If this content interests you and you would like to receive regular updates of developments at The Grove, please leave your details in the "Subscribe" box to your right.

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Sarah Sacks

Sarah is a qualified and experienced counsellor, meditation teacher and group facilitator. Sarah's years of body based based practices, in meditation and yoga, have led Sarah to believe in the inherent wisdom of the body. In line with this belief, Sarah has trained and qualified as a Whole Body Focusing Orientated Therapist, Transpersonal Counsellor, Holistic Counsellor, Meditation Teacher and Group Psychotherapy Facilitation. Over the last 5 years Sarah has worked in the not-for-profit sector, the community health sector and privately, as a generalist counsellor and group facilitator. Sarah has experience working with children, families and adults around issues of; isolation, anxiety, depression, grief, loss, trauma, anger, separation, addiction and general mental health. Sarah's warm and intuitive counselling style, along with her extensive life experience, enables Sarah to gently support her clients towards their own path of change. Qualifications - Bachelor of Holistic Counselling, Diploma of Transpersonal Counselling, Bachelor of Business (International Marketing & Trade), Diploma of Arts (Japanese), ACA (level 2), qualifying member for CAPAV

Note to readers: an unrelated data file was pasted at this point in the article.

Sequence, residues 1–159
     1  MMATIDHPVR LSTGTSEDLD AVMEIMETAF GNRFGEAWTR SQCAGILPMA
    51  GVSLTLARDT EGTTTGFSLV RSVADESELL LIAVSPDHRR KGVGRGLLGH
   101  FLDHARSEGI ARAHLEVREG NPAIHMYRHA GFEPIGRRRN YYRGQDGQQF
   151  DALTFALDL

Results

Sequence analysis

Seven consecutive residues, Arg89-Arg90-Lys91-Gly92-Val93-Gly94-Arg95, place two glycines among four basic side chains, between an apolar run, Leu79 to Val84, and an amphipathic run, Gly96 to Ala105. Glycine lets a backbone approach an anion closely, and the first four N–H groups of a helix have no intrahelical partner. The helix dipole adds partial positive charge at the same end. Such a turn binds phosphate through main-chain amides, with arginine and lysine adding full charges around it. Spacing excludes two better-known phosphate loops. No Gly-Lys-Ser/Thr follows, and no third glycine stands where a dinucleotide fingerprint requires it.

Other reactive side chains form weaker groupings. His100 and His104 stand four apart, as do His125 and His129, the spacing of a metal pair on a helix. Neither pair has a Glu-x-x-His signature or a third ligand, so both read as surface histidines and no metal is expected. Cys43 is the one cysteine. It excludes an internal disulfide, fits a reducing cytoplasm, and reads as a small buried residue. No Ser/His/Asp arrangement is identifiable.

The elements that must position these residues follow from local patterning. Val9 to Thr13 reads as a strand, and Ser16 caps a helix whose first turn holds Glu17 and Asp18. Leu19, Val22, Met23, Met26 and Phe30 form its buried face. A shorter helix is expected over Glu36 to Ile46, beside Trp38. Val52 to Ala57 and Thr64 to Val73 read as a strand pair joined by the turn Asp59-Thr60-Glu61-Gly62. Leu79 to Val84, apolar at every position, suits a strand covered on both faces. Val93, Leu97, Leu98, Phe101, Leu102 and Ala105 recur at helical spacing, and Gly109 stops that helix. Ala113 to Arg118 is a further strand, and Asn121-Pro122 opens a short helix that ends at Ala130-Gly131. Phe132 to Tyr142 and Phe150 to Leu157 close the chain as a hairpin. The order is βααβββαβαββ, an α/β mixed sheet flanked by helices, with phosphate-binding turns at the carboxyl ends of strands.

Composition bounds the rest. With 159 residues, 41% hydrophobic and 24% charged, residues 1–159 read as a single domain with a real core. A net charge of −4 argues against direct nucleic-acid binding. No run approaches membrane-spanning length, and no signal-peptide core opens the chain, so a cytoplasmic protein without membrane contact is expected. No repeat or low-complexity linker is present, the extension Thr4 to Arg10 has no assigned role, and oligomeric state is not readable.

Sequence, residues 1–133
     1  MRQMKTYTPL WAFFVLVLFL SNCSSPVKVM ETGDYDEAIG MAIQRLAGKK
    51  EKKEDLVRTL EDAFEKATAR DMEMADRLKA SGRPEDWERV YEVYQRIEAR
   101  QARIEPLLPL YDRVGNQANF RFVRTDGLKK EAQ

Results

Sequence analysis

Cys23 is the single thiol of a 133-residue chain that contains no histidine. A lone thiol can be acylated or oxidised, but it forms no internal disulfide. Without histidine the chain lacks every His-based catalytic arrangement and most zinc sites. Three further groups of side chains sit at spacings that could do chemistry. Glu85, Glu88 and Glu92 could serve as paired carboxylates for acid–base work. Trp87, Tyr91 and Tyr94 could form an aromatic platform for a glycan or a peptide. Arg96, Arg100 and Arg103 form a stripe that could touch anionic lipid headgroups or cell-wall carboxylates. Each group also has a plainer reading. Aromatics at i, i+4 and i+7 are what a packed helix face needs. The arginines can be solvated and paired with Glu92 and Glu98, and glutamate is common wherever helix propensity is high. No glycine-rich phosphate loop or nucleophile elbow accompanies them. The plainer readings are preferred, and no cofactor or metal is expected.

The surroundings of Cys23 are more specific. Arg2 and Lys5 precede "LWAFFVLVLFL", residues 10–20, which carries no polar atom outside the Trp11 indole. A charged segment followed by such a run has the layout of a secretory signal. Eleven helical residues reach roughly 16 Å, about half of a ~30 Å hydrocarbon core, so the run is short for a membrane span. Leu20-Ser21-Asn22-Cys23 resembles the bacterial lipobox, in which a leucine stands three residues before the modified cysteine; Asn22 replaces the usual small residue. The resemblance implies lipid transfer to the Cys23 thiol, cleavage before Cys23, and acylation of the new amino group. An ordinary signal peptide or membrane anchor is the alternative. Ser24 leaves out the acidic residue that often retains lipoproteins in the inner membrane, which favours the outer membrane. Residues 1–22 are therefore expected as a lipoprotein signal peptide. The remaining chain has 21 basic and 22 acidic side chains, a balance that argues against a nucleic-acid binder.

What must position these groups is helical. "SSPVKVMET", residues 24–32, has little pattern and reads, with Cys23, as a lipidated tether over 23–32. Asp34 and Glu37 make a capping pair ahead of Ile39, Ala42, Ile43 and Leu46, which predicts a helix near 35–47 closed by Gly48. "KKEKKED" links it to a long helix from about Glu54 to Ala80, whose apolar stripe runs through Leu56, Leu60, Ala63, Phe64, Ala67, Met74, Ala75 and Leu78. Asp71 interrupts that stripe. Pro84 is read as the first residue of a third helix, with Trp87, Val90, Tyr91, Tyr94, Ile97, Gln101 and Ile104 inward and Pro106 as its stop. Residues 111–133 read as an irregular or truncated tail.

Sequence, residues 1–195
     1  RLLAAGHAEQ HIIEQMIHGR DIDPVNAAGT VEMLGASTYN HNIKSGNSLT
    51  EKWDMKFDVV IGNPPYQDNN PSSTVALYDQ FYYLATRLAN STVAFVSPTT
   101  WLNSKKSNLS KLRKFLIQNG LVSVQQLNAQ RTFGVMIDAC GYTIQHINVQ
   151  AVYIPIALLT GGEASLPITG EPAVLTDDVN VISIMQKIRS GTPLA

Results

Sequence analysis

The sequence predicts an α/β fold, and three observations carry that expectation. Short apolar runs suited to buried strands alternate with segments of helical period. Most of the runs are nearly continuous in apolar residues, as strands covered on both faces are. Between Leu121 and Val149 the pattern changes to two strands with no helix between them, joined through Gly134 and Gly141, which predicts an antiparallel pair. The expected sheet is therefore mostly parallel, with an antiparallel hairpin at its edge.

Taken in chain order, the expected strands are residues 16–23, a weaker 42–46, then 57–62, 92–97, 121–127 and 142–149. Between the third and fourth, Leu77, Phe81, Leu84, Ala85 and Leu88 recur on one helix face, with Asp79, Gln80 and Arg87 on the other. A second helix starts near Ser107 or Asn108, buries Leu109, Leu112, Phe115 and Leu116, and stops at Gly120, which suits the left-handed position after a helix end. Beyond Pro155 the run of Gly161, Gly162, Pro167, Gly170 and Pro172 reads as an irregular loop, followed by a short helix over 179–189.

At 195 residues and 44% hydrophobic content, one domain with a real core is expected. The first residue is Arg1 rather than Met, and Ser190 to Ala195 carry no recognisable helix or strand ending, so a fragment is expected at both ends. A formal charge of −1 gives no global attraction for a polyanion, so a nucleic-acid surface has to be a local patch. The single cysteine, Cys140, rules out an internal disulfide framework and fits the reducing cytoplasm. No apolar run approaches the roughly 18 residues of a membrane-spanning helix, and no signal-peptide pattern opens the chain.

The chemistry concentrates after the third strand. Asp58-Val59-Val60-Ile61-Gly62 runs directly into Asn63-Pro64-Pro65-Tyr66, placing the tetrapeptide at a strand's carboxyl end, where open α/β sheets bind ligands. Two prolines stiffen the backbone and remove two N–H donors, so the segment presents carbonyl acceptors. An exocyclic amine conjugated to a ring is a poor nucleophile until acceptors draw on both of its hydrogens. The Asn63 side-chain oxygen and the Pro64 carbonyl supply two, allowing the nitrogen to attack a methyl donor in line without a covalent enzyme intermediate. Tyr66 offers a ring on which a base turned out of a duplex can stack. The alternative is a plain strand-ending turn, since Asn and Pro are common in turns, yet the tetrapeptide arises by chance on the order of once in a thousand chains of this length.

Navigating the anxiety of growing up....

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Long after the children had gone to bed, I came home last night to learn that our youngest had asked the question “Dad…is the Tooth Fairy real?” 

Three kids on, between us we’ve been asked this question many times and dodged it, in so many ways.  But this time, my husband confessed he couldn’t turn away from her direct and insistent gaze.

In his recounting of the story, I learn there were tears from her around the relief in finally knowing the truth, especially as she was being teased at school for still “believing”.  Combined with tears of confusion as it dawned another enormous step toward leaving her childhood behind.

Our youngest is 10 very soon.  We live in a first world country, where everyone is busy.  I was busy that night.  For the children and the parents alike, there are places to be, classes to attend, meetings to be had.  But at what cost? 

Taking the time to slow things down and acknowledge for both ourselves and our children that transition is occurring is critical to everyone’s wellbeing. 

For everyone change is hard.  It is a time of moving from the known to the unknown.  And with that comes fear.  Fear of will I be enough to cope?  Who will I become?  Will be alone in this new world?  Will someone be there to help me when I struggle in this new place?  These fears, often exhibited as anxiety, are as true for a child as they are for an adult.

When change is occurring for a child and you recognize how scary and unfamiliar it is for them, how it is hard it is to say goodbye to what they have known, that there will be times that they will wish they could go back to the past, and that through all of it, you will be there for them – is one of the best gifts we can give our children.